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May 28, 2018 | by  | in Features |
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It’s Our Blue Planet Too

Scientists estimate that by the year 2050 there will be more plastic in the ocean than fish.

I’m sure that by now, you will have heard this statistic — maybe on the news, or on Facebook. Perhaps you thought for a moment: “well, that’s sad, but I don’t even like fish. I don’t swim in the ocean. How does this affect my life?”

The ocean is so far removed from our daily lives that it’s hard to fathom how important it is to our existence. Over the years, we have fought for our terrestrial environments because we see the problem right in front of us. However, in our society we tend to see the ocean as an enormous expanse of water, where the world beneath the waves is alien and, at times, incredibly hostile. Would we become more receptive to caring about ocean issues if we changed the way society as a whole viewed the ocean? If it became known as a nurturing living environment, rather than a place where terrifying creatures lurk?

I have been connected to the ocean my entire life, whether this be through SCUBA diving, volunteering at our local aquarium, or binging all of the ocean related David Attenborough documentaries. I am constantly thinking about it, so much that it has become a major part of my identity, and I would be lost without the purpose that fighting for it gives me. But I realise this is not the case for the vast majority of people in the world.

The great Dr Sylvia Earle says “oceans are our life support system”. 97% of the water we need to survive in the world comes from the oceans, and most of the oxygen generation in the atmosphere is done by microbes in the ocean. The ocean is a main driver of climate and weather, and as a result, helps stabilise our global temperatures. If there was no ocean, or the ocean became so unhealthy it couldn’t recuperate, then there would be no hope for any life on this planet.

We owe oceans our existence, and we need to give a damn.

By now, maybe you’re wondering what some of the issues with the ocean are. What follows is a short selection; some issues you might be aware of, and others might be new to you.
Ocean Acidification and Climate Change

The climate is getting warmer and more unpredictable because the atmosphere is overloaded with greenhouse gases. In response, sea levels are rising and the ocean is absorbing a lot of heat to try and cool down the atmosphere. This is leading our oceans to become more acidified, which is causing the bleaching and destruction of the world’s coral reef ecosystems. 27% of our coral reefs are already destroyed.
Marine Debris and Micro-Plastic Pollution

Plastic pollution in our waters has reached an unprecedented level. There have been micro-plastic particles found across every ocean habitat, from the poles, to the deep sea, to the tropics. The larger plastics are choking and killing thousands of marine animals, while plastic particles in their blood is poisoning them. Plastics are now travelling up the food chain and are being found in the food we eat, too. Taking steps to cut single use plastics out of your life is a massive step towards combating these problems.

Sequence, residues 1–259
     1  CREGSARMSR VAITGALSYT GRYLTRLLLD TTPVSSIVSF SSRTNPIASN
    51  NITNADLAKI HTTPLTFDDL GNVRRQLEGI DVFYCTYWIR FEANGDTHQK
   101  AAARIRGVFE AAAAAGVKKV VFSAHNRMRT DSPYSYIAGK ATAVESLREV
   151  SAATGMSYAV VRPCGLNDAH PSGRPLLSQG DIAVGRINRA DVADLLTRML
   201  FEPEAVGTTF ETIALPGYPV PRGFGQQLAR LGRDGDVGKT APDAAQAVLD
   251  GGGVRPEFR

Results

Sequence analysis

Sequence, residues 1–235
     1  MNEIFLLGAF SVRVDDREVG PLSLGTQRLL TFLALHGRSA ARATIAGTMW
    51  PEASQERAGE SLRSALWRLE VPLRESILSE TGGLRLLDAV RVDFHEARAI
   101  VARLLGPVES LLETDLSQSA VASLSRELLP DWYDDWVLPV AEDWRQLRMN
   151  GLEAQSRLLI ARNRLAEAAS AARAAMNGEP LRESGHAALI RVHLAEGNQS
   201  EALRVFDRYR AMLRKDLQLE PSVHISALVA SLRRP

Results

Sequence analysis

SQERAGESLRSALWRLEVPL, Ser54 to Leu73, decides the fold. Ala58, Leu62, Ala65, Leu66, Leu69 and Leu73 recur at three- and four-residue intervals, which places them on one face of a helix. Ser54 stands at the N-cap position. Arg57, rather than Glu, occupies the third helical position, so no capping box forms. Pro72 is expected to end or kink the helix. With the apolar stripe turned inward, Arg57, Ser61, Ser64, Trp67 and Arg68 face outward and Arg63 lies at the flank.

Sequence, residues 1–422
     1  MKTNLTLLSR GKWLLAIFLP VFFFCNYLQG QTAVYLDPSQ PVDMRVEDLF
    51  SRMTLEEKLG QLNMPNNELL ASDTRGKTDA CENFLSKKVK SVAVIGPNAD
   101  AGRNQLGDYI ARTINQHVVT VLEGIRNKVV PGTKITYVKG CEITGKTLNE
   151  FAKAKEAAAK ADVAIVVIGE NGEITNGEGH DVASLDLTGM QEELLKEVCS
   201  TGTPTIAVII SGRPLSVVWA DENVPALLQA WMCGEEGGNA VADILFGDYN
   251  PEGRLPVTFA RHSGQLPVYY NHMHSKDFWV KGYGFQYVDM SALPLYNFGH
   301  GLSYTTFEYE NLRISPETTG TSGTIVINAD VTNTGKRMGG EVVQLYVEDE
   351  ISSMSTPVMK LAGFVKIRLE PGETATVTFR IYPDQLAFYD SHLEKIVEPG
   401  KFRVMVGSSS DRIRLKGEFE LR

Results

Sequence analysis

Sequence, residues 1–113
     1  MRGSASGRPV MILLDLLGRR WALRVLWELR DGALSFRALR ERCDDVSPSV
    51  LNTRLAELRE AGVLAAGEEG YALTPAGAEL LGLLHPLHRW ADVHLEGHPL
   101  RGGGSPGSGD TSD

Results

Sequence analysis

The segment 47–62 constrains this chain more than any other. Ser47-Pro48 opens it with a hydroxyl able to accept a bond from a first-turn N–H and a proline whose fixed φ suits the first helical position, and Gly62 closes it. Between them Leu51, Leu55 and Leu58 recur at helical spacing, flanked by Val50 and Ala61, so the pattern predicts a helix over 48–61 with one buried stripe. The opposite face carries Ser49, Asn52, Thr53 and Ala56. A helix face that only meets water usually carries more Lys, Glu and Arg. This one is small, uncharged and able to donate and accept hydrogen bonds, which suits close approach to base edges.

Overfishing and Exploitation/ Governance of the High Seas

Our oceans are being exploited. Industrial-scale fishing methods are destroying habitats, draining our oceans of fish, affecting ecosystem development, and causing small scale fisheries — often from vulnerable communities — to suffer. Unsafe fishing methods used for large scale fishing, and the lack of regulation in ungoverned expanses of ocean that don’t have a national jurisdiction, leads to a staggering amount of bycatch, which is when unwanted species like whale sharks, dolphins, turtles, and other large animals are caught in nets and then thrown back into the sea to die. Until there is effective international legislation and governance of these high sea areas, illegal fishing practices will continue with little resistance.

The Need for Marine Protected Areas (species/habitat loss)

In the last 40-50 years, half of all marine species have disappeared. Marine Protected Areas have been created to help preserve biodiversity. However, out of all the Marine Protected Areas around the world, only 10% are considered no-take reserves, while in other sites designated as Marine Protected Areas might ban only some human activities, such as oil exploration. Within New Zealand, there are 34 no-take reserves, which accounts for only 0.3% of our total marine environment. There are currently no protected areas in New Zealand’s deep seas, leaving deep sea marine animals unprotected. I encourage you to keep reading about these issues, to form opinions for yourself, and to think about both small and collective things you could do to create change. All actions make a difference.

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He Tāonga

:   I wanted to write this piece, in order to connect to all tauira within the University, with the hope that we can all remind ourselves that we are a part of an environment which is valuable, no matter our culture, our beliefs or our skin colour. The ultimate purpose of this